A Weekend Workshop with Susan Richardson & Em Strang

October 17-19 2014, Haybergill Centre, Cumbria

Come along to a stimulating weekend of writing and discussion around ecological themes. What does it mean to write nature poetry in the 21st century? How do we express wildness? Is it possible to speak for nonhuman species? There’ll be an emphasis on writing and exploring poetry, but prose writers are also very welcome.

You’ll have the opportunity to share your work, engage in writing exercises both indoors and out in the inspirational landscape surrounding Haybergill Centre (http://www.haybergill.co.uk/), enjoy delicious food, autumn walks, evening bonfires and even a sauna! There’ll be space timetabled into the weekend for plenty of focused periods of writing, plus helpful feedback and editing sessions in a supportive group setting. All levels of experience welcome.

Susan is a Wales-based poet whose most recent collection, Where the Air is Rarefied (Cinnamon Press) is a collaboration with printmaker Pat Gregory on ecological and mythological themes relating to the Far North. Her third collection, Skindancing, will be published in 2015. Susan has more than sixteen years’ experience of running poetry workshops for universities, conservation organisations and environmental groups, both indoors and outside in wilder landscapes. For further information, please visit: www.susanrichardsonwriter.co.uk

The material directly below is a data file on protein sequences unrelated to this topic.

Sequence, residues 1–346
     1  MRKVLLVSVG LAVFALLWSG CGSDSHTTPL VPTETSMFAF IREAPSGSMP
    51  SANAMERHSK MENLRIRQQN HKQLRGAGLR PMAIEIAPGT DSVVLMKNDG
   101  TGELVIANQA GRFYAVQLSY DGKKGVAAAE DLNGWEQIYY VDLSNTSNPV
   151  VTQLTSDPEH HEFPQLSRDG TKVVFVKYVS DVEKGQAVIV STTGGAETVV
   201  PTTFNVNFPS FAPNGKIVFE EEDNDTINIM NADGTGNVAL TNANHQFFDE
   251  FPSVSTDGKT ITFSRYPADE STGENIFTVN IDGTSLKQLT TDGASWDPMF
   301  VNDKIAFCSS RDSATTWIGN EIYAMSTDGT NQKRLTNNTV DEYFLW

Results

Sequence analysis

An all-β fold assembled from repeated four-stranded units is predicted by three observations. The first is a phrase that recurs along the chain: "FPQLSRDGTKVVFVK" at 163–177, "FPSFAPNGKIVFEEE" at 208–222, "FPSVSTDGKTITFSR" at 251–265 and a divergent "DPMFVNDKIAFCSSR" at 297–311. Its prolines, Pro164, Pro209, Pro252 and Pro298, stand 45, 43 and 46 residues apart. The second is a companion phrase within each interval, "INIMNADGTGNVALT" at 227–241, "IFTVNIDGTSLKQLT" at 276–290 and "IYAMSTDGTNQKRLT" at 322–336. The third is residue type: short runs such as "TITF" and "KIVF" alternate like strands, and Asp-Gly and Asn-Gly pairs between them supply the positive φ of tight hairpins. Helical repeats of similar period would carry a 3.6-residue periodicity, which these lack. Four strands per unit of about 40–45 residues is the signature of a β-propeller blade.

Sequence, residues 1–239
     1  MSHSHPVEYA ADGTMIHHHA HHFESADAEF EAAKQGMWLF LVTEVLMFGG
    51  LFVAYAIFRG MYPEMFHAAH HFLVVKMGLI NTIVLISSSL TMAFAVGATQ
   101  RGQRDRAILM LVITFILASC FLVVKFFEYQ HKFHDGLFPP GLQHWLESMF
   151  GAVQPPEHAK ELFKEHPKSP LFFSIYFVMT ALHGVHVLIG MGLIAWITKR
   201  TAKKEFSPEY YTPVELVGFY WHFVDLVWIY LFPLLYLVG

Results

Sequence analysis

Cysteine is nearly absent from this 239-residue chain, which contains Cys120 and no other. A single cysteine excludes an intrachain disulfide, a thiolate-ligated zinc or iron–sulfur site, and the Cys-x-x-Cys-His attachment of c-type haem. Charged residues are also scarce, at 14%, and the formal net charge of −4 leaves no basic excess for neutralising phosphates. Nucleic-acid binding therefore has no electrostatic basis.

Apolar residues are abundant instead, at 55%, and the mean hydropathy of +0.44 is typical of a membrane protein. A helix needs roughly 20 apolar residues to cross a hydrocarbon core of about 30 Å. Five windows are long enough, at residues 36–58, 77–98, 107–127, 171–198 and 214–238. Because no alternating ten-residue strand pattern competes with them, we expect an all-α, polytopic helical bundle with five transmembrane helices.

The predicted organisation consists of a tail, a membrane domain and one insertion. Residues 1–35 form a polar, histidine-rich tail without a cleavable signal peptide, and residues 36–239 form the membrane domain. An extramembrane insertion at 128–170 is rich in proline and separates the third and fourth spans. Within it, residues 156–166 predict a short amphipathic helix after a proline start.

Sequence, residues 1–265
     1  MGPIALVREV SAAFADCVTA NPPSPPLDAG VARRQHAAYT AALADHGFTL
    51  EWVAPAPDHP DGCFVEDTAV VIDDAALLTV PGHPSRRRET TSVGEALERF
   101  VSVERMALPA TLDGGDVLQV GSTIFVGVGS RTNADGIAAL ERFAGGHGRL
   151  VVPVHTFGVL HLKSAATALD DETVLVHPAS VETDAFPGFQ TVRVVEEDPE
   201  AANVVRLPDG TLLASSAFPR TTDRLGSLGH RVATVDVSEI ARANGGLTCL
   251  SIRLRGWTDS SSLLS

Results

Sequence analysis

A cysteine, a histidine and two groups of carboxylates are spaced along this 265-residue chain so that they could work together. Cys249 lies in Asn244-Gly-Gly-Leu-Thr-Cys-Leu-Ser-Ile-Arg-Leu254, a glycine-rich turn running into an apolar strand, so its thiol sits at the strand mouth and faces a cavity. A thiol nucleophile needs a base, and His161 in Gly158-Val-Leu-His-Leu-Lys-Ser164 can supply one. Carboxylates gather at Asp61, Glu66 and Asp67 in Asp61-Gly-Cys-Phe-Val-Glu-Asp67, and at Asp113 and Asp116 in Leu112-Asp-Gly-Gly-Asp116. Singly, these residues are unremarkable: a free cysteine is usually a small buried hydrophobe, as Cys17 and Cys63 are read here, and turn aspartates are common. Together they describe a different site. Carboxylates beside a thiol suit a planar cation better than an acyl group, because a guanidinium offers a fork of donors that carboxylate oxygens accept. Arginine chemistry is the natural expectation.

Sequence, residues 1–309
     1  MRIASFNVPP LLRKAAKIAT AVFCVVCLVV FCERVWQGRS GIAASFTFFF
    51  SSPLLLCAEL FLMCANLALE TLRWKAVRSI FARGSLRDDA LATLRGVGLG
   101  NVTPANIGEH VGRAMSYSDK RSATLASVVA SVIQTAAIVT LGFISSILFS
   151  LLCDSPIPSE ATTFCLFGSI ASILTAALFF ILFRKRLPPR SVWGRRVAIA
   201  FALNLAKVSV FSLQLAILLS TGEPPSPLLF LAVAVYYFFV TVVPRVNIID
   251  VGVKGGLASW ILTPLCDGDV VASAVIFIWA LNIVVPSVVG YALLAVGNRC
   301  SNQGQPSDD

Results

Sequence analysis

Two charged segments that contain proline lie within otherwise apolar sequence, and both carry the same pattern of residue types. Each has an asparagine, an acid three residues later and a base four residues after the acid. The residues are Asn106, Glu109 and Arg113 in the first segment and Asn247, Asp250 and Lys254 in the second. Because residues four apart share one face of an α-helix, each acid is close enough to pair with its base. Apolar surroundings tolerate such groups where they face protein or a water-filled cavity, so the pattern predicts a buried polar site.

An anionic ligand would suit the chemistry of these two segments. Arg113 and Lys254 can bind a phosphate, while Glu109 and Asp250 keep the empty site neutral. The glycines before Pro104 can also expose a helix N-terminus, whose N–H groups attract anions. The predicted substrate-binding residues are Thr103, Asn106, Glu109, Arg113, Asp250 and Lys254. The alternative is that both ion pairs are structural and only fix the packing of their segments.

Em completed a PhD in Creative Writing (ecological poetry) in December 2013 and is now seeking a publisher for a first collection of poems, Habitude. She has recently been awarded a New Writer Scotland Award 2014 and teaches Creative Writing in Dumfries prison. She is currently also tutoring on the Mlitt in Environment, Culture & Communication at the University of Glasgow (Dumfries). For further information, please visit: http://emstrang.wordpress.com/